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Eur Urol. 2014 Jun;65(6):1034-43. doi: 10.1016/j.eururo.2013.08.013. Epub 2013 Aug 15.

Early salvage radiotherapy following radical prostatectomy.

Author information

1
Department of Urology, RWTH Aachen University, Aachen, Germany. Electronic address: dpfister@ukaachen.de.
2
Department of Radiation Oncology, Centre Hospitalier Universitaire A Michallon, Grenoble, France.
3
Department of Urology, Università Vita-Salute San Raffaele, Milan, Italy.
4
Department of Urology and Helen Diller Family Comprehensive Cancer Center, University of California, San Francisco, San Francisco, CA, USA.
5
Department of Radiotherapy, San Raffaele Scientific Institute, Milan, Italy.
6
Department of Urology, University Hospital Gasthuisberg, Katholieke Universiteit Leuven, Leuven, Belgium.
7
Department of Radiation Oncology and Helen Diller Family Comprehensive Cancer Center, University of California, San Francisco, San Francisco, CA, USA.
8
Glickman Urological and Kidney Institute, Cleveland Clinic, Cleveland, OH, USA.
9
Department of Radiation Oncology, University Hospital, Ulm, Germany.
10
Department of Radiation Oncology, Memorial Sloan-Kettering Cancer Center, New York, NY, USA.

Abstract

CONTEXT:

Depending on the pathologic tumour stage, up to 60% of prostate cancer patients who undergo radical prostatectomy will develop biochemical relapse and require further local treatment.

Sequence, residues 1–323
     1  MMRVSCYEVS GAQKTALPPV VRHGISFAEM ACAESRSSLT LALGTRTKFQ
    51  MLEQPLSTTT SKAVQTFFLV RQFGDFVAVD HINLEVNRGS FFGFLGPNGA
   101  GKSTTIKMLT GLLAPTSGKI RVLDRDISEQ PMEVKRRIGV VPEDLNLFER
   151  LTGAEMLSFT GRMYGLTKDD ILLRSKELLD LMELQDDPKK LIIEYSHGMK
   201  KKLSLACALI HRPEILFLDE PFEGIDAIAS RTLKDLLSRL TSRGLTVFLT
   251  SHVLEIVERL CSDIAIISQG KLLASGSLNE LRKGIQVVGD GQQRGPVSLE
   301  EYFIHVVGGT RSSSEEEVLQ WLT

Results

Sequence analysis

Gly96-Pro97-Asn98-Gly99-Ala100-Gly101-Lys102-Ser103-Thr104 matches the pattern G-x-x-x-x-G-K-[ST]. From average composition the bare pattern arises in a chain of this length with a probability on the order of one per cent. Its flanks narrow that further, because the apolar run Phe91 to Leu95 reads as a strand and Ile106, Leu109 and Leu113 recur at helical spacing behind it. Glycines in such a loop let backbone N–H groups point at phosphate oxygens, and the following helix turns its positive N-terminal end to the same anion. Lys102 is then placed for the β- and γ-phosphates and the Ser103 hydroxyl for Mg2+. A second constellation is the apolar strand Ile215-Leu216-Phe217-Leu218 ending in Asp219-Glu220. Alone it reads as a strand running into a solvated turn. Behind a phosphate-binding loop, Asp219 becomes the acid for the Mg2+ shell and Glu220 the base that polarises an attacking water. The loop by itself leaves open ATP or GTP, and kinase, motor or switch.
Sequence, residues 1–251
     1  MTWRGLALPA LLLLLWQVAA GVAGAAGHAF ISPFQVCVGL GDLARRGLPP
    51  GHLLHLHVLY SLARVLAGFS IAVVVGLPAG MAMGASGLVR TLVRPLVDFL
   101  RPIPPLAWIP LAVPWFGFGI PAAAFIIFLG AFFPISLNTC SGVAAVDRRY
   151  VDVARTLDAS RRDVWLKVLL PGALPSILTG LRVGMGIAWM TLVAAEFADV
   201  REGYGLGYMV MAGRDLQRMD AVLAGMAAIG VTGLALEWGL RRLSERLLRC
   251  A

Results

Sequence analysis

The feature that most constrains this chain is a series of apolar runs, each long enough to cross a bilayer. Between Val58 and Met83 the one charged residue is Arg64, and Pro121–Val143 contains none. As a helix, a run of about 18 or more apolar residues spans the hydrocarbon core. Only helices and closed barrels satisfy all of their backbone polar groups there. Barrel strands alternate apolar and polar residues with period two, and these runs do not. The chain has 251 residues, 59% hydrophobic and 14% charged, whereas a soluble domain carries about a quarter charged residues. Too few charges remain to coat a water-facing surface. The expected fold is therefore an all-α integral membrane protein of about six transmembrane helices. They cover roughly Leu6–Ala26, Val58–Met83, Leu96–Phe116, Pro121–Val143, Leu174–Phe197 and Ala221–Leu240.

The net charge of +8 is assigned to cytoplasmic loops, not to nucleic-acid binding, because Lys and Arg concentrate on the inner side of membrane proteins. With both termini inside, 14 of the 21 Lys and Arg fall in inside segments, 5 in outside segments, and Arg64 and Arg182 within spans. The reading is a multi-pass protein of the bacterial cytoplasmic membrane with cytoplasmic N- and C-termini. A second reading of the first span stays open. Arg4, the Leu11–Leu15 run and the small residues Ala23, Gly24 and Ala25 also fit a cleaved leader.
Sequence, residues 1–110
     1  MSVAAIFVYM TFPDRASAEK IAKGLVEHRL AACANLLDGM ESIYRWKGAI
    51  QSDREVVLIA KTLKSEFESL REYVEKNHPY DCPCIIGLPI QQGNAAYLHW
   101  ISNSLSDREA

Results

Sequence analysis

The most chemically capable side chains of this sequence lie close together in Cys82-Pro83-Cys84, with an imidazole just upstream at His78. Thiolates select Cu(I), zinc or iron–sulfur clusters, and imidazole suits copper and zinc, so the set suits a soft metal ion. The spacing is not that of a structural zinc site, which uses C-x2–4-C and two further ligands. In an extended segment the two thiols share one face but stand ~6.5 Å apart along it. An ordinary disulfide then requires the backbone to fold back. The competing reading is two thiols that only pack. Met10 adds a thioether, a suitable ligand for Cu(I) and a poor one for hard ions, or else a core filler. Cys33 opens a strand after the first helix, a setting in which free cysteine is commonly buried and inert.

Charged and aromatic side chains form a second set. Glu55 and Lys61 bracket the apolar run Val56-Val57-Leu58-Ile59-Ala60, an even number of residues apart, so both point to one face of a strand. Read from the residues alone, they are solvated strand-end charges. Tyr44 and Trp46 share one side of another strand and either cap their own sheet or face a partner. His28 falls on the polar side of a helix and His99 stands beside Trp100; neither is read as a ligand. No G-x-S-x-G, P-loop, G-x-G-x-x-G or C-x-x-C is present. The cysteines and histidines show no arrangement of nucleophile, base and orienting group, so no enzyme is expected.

OBJECTIVES:

We reviewed the results of early salvage radiation therapy (RT), defined as prostate-specific antigen (PSA) values prior to RT ≤ 0.5 ng/ml in the setting of lymph node-negative disease.

EVIDENCE ACQUISITION:

Ten retrospective studies, including one multicentre analysis, were used for this analysis. Among them, we received previously unpublished patient characteristics and updated outcome data from five retrospective single-centre trials to perform a subgroup analysis for early salvage RT.

EVIDENCE SYNTHESIS:

Patients treated with early salvage RT have a significantly improved biochemical recurrence-free survival (BRFS) rate compared with those receiving salvage RT initiated after PSA values are >0.5 ng/ml. Similarly, within the cohort of patients with pre-RT PSA values <0.5 ng/ml, improved BRFS rates were noted among those with lower rather higher pre-RT PSA levels. It is possible that higher RT dose levels and the use of adjunctive androgen-deprivation therapy improve biochemical control outcomes in the salvage setting.

CONCLUSIONS:

Based on a literature review, improved 5-yr BRFS rates are observed for patients who receive early salvage RT compared with patients treated with salvage RT with a pre-RT PSA value >0.5 ng/ml. Whether the routine application of early salvage RT in patients with initially undetectable PSA levels will be associated with demonstrable clinical benefit awaits the results of ongoing prospective trials.

KEYWORDS:

Biochemical recurrence-free survival; Early salvage radiotherapy; Prostate cancer; Radiotherapy

PMID:
23972524
DOI:
10.1016/j.eururo.2013.08.013
[Indexed for MEDLINE]
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